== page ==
Spinel Unmasked: Get to Know ‘The Great Imposter’
Imagine being one of the pièces de résistance in the famous Crown Jewels of the United Kingdom, rubbing shoulders with the Cullinan II diamond, and not being given your rightful due. Such is the case of the stunning gemstone spinel. For hundreds of years, spinel was mistaken for other colored gems, most notably ruby. But today, this Cinderella stone, with its array of spectacular colors and great brilliance, is no longer playing second fiddle. Spinel is stepping out of the shadows and into the spotlight of dramatic new jewelry designs.
The Differences Between Spinel and Ruby
Up until the late 18th century, all red stones were classified as ruby. It was especially easy to misclassify spinel because ruby and spinel share such a similar appearance and are often found together in the same mines.
However in 1783, mineralogist Jean-Baptiste Louis Romé de l’Isle developed a test that identified spinel as a different mineral than ruby (and simultaneously gave birth to the science of gemology!). What was learned is that although both minerals get their red color from traces of chromium, ruby is an aluminum oxide mineral, while spinel is a magnesium aluminum oxide mineral. Ruby also has a hexagonal crystal structure, whereas spinel has a cubic crystal structure.
The Imperial State Crown, part of the Crown Jewels of the United Kingdom, features "The Black Prince's Ruby," which is actually a 170-carat red spinel.
Another difference is that spinel, unlike ruby, typically has the crystal shape of a well formed, eight-sided octahedron, which looks like two pyramids joined at their bases. The name spinel might actually come from the Latin word “spina,” which means “thorn,” in reference to the pointed shape of raw spinel crystals. Spinel can also form flattened crystals when the pyramids that form the octahedral shape rotate against each other as they grow.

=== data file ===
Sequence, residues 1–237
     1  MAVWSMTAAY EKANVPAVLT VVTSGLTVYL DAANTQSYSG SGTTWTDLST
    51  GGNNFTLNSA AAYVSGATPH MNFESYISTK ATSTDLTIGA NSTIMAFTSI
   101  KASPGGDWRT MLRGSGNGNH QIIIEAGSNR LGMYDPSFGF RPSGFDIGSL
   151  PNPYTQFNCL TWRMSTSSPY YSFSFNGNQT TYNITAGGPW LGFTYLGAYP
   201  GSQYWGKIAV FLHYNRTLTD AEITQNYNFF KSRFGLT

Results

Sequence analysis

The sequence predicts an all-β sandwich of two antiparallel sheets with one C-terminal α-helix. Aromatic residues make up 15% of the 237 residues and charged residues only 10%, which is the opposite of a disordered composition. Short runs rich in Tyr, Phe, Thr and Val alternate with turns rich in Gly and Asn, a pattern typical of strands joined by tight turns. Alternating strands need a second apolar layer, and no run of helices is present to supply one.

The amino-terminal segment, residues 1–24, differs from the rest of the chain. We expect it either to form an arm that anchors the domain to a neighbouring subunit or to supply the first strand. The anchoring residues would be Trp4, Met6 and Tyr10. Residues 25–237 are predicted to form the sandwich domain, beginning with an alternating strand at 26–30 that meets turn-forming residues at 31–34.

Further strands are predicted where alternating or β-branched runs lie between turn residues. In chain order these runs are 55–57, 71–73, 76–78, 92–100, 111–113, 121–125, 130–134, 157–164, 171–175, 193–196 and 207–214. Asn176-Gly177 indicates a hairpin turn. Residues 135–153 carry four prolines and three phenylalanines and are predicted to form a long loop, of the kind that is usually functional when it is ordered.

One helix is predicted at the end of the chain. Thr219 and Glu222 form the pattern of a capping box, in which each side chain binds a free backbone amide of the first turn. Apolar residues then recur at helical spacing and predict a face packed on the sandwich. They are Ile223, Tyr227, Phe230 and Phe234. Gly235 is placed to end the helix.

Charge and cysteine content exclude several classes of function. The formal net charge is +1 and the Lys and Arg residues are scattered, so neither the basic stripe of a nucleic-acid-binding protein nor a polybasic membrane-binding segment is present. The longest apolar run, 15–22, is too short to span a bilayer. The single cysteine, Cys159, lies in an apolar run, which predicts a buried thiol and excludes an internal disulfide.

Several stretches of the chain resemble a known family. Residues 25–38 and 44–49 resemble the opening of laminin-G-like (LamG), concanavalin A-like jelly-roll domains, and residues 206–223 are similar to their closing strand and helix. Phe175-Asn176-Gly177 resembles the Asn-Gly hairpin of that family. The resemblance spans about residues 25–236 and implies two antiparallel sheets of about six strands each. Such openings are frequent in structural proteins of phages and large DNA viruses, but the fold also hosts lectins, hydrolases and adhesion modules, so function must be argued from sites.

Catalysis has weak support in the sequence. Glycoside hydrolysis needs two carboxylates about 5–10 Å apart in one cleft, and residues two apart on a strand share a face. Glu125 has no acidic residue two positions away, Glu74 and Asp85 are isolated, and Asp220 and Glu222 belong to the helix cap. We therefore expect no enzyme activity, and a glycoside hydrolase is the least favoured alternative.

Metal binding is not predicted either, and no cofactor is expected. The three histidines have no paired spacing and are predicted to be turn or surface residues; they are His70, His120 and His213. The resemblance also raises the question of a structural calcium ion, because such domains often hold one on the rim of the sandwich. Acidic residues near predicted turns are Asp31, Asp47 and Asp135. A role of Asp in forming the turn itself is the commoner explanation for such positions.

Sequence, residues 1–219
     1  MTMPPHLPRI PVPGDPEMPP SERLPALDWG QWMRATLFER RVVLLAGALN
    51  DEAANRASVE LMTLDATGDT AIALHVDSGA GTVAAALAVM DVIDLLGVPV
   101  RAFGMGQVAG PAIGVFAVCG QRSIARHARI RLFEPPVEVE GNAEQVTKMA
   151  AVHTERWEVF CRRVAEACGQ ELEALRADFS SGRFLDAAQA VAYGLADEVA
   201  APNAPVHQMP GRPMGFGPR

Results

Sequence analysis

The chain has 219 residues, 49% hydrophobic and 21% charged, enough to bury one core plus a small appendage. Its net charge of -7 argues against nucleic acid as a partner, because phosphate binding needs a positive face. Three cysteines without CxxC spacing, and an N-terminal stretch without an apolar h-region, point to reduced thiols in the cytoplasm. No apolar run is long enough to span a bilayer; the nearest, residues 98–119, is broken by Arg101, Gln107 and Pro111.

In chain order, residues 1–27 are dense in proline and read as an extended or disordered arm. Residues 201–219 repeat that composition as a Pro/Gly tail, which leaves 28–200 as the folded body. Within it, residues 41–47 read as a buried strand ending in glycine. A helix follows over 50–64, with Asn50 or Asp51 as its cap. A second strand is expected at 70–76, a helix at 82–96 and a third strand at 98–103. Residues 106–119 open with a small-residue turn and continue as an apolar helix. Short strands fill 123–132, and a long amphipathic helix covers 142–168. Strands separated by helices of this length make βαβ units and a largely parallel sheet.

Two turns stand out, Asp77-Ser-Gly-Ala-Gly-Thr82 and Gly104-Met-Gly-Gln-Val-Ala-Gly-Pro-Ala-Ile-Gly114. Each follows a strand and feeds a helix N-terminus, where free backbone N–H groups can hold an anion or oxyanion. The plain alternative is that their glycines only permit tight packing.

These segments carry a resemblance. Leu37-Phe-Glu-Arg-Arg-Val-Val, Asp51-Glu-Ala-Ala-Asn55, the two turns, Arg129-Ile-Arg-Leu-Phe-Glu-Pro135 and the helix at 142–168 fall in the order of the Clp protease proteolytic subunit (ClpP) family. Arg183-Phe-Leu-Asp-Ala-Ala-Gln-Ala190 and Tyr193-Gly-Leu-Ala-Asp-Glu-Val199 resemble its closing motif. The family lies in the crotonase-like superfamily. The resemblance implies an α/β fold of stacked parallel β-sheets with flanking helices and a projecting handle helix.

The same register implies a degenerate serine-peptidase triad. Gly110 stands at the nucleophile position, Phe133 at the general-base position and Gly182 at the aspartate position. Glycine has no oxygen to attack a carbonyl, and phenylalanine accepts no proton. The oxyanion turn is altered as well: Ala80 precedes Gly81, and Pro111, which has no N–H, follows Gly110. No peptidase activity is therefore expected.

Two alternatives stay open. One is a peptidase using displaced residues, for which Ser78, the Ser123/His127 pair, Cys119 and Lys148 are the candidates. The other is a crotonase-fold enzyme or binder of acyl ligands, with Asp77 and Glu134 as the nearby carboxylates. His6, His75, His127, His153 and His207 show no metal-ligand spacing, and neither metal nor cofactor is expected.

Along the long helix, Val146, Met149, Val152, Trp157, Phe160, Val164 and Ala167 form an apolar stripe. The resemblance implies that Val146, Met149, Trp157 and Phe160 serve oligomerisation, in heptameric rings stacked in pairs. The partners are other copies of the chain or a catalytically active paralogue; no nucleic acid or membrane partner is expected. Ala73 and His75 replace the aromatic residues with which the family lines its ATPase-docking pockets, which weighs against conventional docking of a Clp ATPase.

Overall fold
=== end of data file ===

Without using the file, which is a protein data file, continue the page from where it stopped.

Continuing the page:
Spinel is also singly refractive like diamond, which makes the stone remain the same vibrant color in all directions, as well as very transparent and with lots of “fire.” Ruby, meanwhile, is doubly refractive, meaning that when light enters the stone, it will split and leave the ruby as two different colors such as purplish-red or orangey-red. To see these different colors, you have to look at the ruby in different directions.
Both ruby and spinel can fluoresce, or appear to glow, when stimulated by ultraviolet radiation such as that in sunlight. Spinel will have a more pinkish hue to ruby’s bluish hue. Some believe the name spinel comes from the Greek word for “spark,” possibly because of spinel’s magnificent fire and glow.
The Timur Ruby, part of the Crown Jewels of the United Kingdom, is actually a 361-carat red spinel.
Like ruby, spinel can exhibit phenomena such as color change, which is a distinct change of color under different types of lighting, as well as asterism. This occurs when the stone is cut as a cabochon and a “star” appears on the dome. The two gemstones can also contain inclusions. Spinel, however, is known to contain some very interesting ones that appear in groups that resemble human fingerprints.